The Nolan Files - Part 1

The Nolan Files - Part 1

Part of the reason that Nolan's got the Pug on the road is so that he can have some well deserved, kicked-back travel after slogging through sixteen long years of Maine education. But we suspect that he's been having even more fun than may be seemly for a Maine-er. But recently, we started getting a flood of thoughts and reflections that sound like they're coming from his journal and hint at deep-running waters. They start at the beginning of his trip... thought we'd share.

You can find Nolan's current whereabouts here, or get an RSS feed of his scheduled stops For up-to-date dispatches and schedule changes: our Facebook & Twitter

Monday May 17th

2:00pm. After possibly the only stressful morning I’ve ever had at Grain, I pulled out of the driveway and the East Coast Ramble began. To pin down the precise moment it began—I mean scientifically precise—it would have to be when my palm struck Johnny Hamblett’s in one of the most epic high fives that ever turned motion into heat and sound. 4:00pm. A couple hours later my initial stoke ran out as I tried to navigate Boston traffic while still adjusting my driving style to fit the pug. I realized the right lane and I were in it for the long haul… 5:30pm. Mark, the owner of Nor Easter in N. Scituate, MA, and Roger, the local shaper checked out the boards. They were generally interested until I brought out the Spray and the paipo, then their eyes lit up at the sight of more complex lines, concaves and channels. A father and son also came by and were interested in building a kit as a winter project—first photo-op with the Pug for the kit discount! 10:00pm. Mark gave me access to the shop to use the internet and sleep on the couch if I wanted. I took him up on using the internet to plan a bike ride for the next morning, then retired to the truck to sleep because of the creepy mannequin on the couch who wouldn’t stop looking at me.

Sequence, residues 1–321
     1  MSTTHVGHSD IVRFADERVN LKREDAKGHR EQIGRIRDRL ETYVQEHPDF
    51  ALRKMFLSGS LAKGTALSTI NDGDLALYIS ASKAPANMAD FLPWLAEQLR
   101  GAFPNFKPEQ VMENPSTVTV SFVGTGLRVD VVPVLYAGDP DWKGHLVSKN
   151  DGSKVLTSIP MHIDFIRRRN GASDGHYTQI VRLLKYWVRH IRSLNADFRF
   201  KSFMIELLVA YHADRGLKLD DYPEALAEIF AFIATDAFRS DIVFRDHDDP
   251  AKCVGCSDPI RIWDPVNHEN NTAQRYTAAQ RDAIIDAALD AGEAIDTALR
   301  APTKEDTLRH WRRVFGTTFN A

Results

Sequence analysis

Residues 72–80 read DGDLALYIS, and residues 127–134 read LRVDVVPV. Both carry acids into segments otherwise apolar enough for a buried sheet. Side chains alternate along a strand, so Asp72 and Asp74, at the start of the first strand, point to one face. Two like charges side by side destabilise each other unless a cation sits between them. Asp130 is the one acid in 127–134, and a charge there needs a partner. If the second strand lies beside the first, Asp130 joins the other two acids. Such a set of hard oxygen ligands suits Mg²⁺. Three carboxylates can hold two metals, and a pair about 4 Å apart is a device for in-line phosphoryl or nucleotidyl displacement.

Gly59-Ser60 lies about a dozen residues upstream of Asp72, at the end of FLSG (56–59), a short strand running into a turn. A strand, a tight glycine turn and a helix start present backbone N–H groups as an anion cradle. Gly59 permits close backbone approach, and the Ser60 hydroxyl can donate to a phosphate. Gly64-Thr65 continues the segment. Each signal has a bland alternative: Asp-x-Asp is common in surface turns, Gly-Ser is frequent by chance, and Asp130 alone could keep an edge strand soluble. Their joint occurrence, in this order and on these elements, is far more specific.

Tuesday May 18th

7:00am. As I woke up, my eyes couldn’t seem focus on the pattern in front of my face. I kept trying, but every time it almost became clear I went cross-eyed. Finally, looking away and back again I remembered where I was; in the pug. The hemp weave of a Wavetribe bag on the board rack above me, which was no more than 8 inches from my face, is much too busy for newly opened eyes. 8:30am. I took a break during my first bike ride, looking over Hull and Boston Harbor. It was a hazy morning so Boston’s skyline was just barely visible in the distance. Tiny, tiny waves lapped the rock outcrop I was sitting on - thinking the waves had better pick up sometime soon on this trip... I hadn’t surfed for two or three weeks, which most of you know, just isn’t good for one's self.